6. deardailyvn says:

    Sorry, I am not technician, i work in financial field. I like electronic. I used your pcb and atmega8a-pu and Crystals 16MHz, it does not light segment B, and F. And time is so fast. How do I have to change this code for running, not change your pcb ? Please. My english is not good.
    Thanks

    • daqq says:

      Hi,

      The proper crystal frequency ( 14.745600 MHz ) is important as this defines how fast the clock goes. As to your problem with the B and F segment, I don’t know. Did you use exactly the same display?

      David

      • deardailyvn says:

        i checked B and F segment, they still light. I don’t know why they don’t light. Maybe, because of my ic atmega8a-pu, but i think atmega8-16pu same to atmega8a-pu.

  7. Michal says:

    Jak mám nastavit pojistky prosím ?

  8. Ivan says:

    Can you please provide me an alternative for the oscillator circuit?
    I can’t manage to fund the 14.75MHz Xtal and 12pF in SMD package

  9. Mek says:

    Hello, I like this clock for its simplicity, and the code is also pretty simple. However, I don’t have the very specific crystal that is used but have a plethora of other crystals. In an older discussion comment you explained why prescaler value is 225 – it’s because 14745600 Hz (crystal frequency) / 65536 = 225 Hz. I have many 12MHz crystals but 12000000 / 65536 is not a whole number, I guess it’s not possible to use such crystal. But I have also found a crystal of 24.576 MHz and this divides nicely: 24576000 / 65536 = 375. So my question is – will this clock run with the 24.576 MHz crystal if I change prescaler from 225 to 375 in source code?

    • Mek says:

      Hm, now I found out that max frequency of Atmega8 is 16 MHz so it will not work with my 24.576 MHz crystal. None of my other crystals divide OK with 65536 so I guess I am out of options here. Anyway, in the datasheet I saw that it is possible to connect 32.768 kHz low frequency crystal directly (and I have some of these) on XTAL1/XTAL2. I guess that would require some changes in code but is it even possible?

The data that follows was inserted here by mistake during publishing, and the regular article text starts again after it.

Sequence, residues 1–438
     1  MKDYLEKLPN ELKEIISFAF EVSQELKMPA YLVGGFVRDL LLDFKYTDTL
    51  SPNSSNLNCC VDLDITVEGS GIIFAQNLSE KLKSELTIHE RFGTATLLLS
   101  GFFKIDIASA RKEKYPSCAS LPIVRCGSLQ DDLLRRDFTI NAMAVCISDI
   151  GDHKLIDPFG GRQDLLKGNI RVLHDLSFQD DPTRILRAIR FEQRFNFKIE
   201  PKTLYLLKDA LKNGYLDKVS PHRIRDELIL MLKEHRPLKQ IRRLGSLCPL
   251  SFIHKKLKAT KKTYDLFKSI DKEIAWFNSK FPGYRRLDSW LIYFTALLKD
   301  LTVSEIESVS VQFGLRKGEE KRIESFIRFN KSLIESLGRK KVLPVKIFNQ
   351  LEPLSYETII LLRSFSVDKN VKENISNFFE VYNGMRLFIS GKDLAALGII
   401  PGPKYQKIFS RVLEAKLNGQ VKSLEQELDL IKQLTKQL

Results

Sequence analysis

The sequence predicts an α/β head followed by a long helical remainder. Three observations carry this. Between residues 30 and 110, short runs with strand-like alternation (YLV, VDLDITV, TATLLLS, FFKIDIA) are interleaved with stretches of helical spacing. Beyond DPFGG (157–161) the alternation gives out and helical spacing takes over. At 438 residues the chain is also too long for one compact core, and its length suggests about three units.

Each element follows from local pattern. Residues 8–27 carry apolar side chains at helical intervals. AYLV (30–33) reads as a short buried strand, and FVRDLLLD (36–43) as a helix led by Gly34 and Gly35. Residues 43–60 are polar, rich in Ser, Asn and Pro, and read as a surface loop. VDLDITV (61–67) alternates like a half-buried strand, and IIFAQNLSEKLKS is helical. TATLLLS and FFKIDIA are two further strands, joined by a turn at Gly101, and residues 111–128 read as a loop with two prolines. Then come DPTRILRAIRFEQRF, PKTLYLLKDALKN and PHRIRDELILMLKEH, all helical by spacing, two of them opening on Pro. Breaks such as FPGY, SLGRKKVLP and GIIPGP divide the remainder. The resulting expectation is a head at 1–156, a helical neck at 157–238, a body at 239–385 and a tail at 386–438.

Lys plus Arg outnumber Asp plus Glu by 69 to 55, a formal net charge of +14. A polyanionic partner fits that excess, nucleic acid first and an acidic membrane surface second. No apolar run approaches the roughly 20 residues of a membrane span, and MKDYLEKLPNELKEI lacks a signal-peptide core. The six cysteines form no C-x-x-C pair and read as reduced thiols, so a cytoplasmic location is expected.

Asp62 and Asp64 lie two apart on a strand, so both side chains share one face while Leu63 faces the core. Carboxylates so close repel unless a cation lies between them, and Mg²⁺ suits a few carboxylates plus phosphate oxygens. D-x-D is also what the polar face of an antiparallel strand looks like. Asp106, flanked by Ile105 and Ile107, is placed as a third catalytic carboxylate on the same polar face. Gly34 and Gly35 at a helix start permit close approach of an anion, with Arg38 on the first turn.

• daqq says:

        Hello Mek,

        If you change the prescallers to any pretty much any other value you can use any value – there are simple ways to implement it to run from, say, a 11059200Hz crystal, or a But that would require the modification of the code to use a different TIMER – the TIMER1 overflows at 65536. If I remember correctly, TIMER0 overflows at 256. Or you could use the output compare, where you could trigger and reset at any arbitrary count, which would allow you to use even very silly frequencies.

        I did this project a long time ago, so it’s far from optimally implemented.

        Thank you for your interest in this project.

        • Mek says:

          Hey, thank you for your answer. Yesterday I studied a bit (well, I am a bit new to AVR) and found out that CTC mode with interrupt is exactly what I need. I can set up a 12 MHz crystal with a timer and a prescale value, and calculate required comparison value for timer.
          I am going to try it with blinking LED first to be sure I got the timer right. When I manage to build a clock with display, I will make a post with description and pictures on my web page 🙂

          To anyone wanting to learn about timers, this is an excellent guide which got me on the track: http://www.avrfreaks.net/forum/tut-c-newbies-guide-avr-timers

          • daqq says:

            🙂 Yup, that’s what I meant. Though I’d advise using something different for time measurement – an oscilloscope or frequency counter would be preferable to determine the actual frequency, since you can make mistakes that have a hardly noticeable effect on the actual time.

          • Mek says:

            I got it working. My clock is a little different but I learnt very much from the clock on this page.
            Everything is available on my web page: http://mekweb.eu/?lang=en&q=download-details&file=75
            and I also made a video. Hopefully it will help someone 🙂

          • daqq says:

            Nice project, I’ll link to it from the original post.